The final phase of voting today could result in one of three outcomes:
(1) Hillary Clinton is elected President. Until a week ago Friday I would have said this outcome was virtually certain, and that we could expect a landslide. The FBI bombshell that was dropped on the campaign has shaken up the race significantly, but I still believe this is the most likely outcome. The margin of victory probably won’t be considered a landslide, but Trump’s path to victory remains, even now, very narrow.
From my perspective, a Clinton victory has two major advantages. First, it could bring the Trump movement to an end, giving the GOP a chance to rebuild itself for the future, hopefully with more wisdom next time. Second, a Clinton presidency doesn’t present us with anything approaching the level of uncertainty that a Trump presidency would. Trump is unpredictable, and unpredictable men can be dangerous. Hillary Clinton may very well be the most corrupt person ever to occupy the oval office, but our consolation prize is that at least we can predict the kind of evil she will pursue.
The downsides to a Clinton victory are numerous and severe. The leftists who have infiltrated the federal government over the last eight years will only find themselves further entrenched, or possibly replaced by other leftists. The Supreme Court (not to mention the various lower federal courts) will almost certainly end up with a majority of progressive justices, further pushing our culture in the direction of expanded government power, restriction of individual rights, curtailing of religious liberty, maintenance of abortion rights, etc. On top of that, Mrs. Clinton has been in government for decades, and it is abundantly clear how well she knows how to pull the levers of power for her own advantage, even when that means putting the security and well-being of her country at stake. There is no reason to expect this pattern of behavior to change once she becomes the chief law enforcement officer of the federal government. Whatever corruption already exists in Washington will metastasize over the next four years, but Hillary’s status as the first female president (and one with the news media playing its role as her lapdog) will make her virtually immune to impeachment from Congress. She will have free rein to bend, break, and disregard the law (as has been her pattern) without consequence for the duration of her presidency. The rule of law will be further weakened, public virtue will continue to vanish, and average Americans will expect less and less from their leaders as they become more awakened to the nature of politics as an amoral power struggle in which the strong survive by destroying the weak by any means necessary. With no apparent means to hold the elite accountable, the cynicism of the average American will lead him to view his political involvement as merely an act of aligning himself with a tribe that can protect his interests, rather than standing for principles he holds dear.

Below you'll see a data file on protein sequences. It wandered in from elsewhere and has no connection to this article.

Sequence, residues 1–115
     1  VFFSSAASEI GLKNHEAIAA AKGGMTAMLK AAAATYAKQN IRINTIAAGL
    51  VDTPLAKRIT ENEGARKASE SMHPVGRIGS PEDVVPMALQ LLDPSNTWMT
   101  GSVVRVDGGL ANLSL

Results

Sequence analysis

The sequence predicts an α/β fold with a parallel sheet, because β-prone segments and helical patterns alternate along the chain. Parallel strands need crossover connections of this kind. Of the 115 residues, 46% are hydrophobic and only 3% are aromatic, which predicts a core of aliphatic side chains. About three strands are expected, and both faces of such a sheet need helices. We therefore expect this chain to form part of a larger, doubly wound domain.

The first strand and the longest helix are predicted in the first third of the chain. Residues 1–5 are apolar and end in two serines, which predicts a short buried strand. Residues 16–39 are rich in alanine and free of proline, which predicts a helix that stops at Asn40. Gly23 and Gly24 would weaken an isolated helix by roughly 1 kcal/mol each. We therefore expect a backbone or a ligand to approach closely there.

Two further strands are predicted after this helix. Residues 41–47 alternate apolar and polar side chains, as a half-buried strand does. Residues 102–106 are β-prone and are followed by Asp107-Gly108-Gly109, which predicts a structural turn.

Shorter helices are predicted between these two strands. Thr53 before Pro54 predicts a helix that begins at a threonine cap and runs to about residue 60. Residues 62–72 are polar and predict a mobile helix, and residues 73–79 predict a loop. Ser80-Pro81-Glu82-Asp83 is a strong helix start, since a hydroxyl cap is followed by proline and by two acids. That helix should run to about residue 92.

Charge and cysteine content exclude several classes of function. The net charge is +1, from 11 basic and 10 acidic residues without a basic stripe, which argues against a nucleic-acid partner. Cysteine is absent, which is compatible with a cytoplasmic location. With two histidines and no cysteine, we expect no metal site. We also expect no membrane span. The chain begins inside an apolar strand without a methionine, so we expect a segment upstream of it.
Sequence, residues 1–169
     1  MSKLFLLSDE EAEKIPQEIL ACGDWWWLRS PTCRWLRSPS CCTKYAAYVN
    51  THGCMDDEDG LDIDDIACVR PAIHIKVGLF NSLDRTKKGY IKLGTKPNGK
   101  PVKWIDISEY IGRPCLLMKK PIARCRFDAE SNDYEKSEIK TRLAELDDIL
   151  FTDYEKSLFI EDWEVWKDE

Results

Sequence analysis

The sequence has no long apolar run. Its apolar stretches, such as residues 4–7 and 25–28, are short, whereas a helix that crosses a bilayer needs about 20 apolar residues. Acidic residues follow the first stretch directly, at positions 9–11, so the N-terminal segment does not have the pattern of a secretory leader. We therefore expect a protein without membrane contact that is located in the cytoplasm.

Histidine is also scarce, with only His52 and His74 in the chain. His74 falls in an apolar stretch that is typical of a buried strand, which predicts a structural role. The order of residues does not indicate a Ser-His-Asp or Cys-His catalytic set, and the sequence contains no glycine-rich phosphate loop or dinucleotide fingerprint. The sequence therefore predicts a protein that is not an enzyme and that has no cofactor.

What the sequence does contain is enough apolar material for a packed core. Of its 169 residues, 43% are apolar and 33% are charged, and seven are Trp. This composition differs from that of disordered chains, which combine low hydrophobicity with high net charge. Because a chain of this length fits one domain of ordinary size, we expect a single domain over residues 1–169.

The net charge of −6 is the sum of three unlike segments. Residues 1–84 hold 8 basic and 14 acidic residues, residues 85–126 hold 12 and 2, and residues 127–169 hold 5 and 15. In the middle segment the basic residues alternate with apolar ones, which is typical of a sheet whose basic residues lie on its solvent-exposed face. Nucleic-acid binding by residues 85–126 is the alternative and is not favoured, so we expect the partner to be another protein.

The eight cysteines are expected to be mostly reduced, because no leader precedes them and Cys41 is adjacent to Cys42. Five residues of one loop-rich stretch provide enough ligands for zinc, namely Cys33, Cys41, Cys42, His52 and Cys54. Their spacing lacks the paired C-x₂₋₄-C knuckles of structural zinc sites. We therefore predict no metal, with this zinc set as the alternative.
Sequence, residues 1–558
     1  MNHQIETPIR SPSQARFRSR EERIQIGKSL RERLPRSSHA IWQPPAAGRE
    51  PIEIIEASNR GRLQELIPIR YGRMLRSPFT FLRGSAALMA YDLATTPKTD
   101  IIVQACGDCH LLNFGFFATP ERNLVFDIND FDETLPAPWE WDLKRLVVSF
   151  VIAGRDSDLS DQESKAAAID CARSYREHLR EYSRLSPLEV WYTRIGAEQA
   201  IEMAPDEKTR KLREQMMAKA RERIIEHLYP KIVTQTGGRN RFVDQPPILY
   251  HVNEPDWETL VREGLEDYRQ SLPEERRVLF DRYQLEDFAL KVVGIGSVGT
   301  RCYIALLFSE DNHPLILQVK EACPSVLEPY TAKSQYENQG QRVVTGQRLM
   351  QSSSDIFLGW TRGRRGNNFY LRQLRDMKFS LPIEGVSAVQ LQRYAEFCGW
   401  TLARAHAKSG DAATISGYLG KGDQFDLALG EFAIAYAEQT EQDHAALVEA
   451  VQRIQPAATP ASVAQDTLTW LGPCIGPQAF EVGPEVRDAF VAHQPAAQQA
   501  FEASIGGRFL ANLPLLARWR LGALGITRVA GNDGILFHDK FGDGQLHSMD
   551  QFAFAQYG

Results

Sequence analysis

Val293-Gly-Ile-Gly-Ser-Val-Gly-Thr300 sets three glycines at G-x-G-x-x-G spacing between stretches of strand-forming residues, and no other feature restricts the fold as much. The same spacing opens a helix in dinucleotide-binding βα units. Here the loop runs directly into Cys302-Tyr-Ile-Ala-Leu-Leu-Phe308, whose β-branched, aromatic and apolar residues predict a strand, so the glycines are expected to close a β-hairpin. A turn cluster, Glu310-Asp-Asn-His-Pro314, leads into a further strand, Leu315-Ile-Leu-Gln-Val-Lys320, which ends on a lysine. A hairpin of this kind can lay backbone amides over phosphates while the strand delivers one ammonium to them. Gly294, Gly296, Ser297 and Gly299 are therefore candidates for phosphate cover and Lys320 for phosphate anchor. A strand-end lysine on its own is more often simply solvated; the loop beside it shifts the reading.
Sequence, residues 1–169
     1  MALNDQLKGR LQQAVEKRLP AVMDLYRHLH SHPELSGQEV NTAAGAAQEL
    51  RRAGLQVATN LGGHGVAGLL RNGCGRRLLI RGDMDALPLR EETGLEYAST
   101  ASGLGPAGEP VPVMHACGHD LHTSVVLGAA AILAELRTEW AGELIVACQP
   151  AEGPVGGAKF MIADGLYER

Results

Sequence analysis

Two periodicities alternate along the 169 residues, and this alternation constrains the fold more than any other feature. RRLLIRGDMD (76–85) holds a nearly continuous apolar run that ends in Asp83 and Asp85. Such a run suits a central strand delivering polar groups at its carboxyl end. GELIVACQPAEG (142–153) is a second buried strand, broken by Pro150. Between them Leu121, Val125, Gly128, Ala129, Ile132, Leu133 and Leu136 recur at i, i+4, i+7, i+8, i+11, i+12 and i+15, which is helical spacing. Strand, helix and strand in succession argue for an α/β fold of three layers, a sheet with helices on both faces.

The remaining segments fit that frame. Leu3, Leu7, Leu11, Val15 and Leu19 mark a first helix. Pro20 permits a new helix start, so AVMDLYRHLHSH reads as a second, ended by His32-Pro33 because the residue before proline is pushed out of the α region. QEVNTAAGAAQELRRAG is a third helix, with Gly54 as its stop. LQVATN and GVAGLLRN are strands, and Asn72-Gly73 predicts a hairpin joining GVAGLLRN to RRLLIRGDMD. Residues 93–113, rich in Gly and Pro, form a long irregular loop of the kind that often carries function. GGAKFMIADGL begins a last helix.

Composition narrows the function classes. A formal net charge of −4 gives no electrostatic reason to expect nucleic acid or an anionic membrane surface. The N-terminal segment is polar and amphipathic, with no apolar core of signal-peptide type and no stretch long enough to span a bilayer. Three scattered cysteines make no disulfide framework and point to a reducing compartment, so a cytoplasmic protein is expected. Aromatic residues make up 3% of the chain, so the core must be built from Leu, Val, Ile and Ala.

A second possible outcome:
(2) Donald Trump is elected President. This less likely, though entirely feasible, scenario would at least entail the possibility of a kind of “house cleaning” in government, at least with respect to all of the positions of power appointed in a given presidential administration. I have no assurance that Trump would consistently choose reliable people for these positions, but there remains a possibility, at least, that his administration would move the government in a different ideological direction than Clinton would. Especially as it pertains to the courts, this is a major possible upside of a Trump victory.
The downside, of course, is that we would have Donald Trump as President. Moreover, the GOP would be saddled with him for the next four years, and most likely would make him the nominee again in 2020. How might such an arrangement degrade the party, further alienate it from younger generations, and help ensure future Democrat gains? And would the amoral power struggle really be any different under a President Trump than it would be under a President Clinton?
One final possible outcome:
(3) Neither candidate reaches 270 electoral votes, leaving the decision to the House of Representatives. Under this scenario, if Evan McMullin happened to pick off Utah’s 6 electoral votes, he might actually stand a chance of being a compromise choice between Republicans and Democrats in the House who would ultimately choose the President. The chances of this happening are probably less than 1%, but it’s nice to imagine.
McMullin would govern, more or less, as a traditional Republican, which is certainly better than the other two possible scenarios envisioned above. But if he is elected in this crazy manner, there would be one major downside: since McMullin is a Mormon, I have little doubt that Mormon apologists would proclaim his victory a fulfillment of Mormon prophecy, a claim that would give them a platform to use to promote their false gospel and hold more people in spiritual darkness.
With these three possible outcomes in view, I don’t really know what to hope for or how to pray for my country. I am thankful that the Spirit intercedes for us in these situations (Rom. 8:26-28). I am, furthermore, thankful that the question of who occupies the position of the head of one branch of our federal government for the next four years is not the most important issue that we face. Whoever it may be, let us pray for God to bless him or her with wisdom, restrain whatever is evil, and bring whatever is good to fruition, so that we may live quiet lives, godly and dignified in every way (1 Tim. 2:1-4).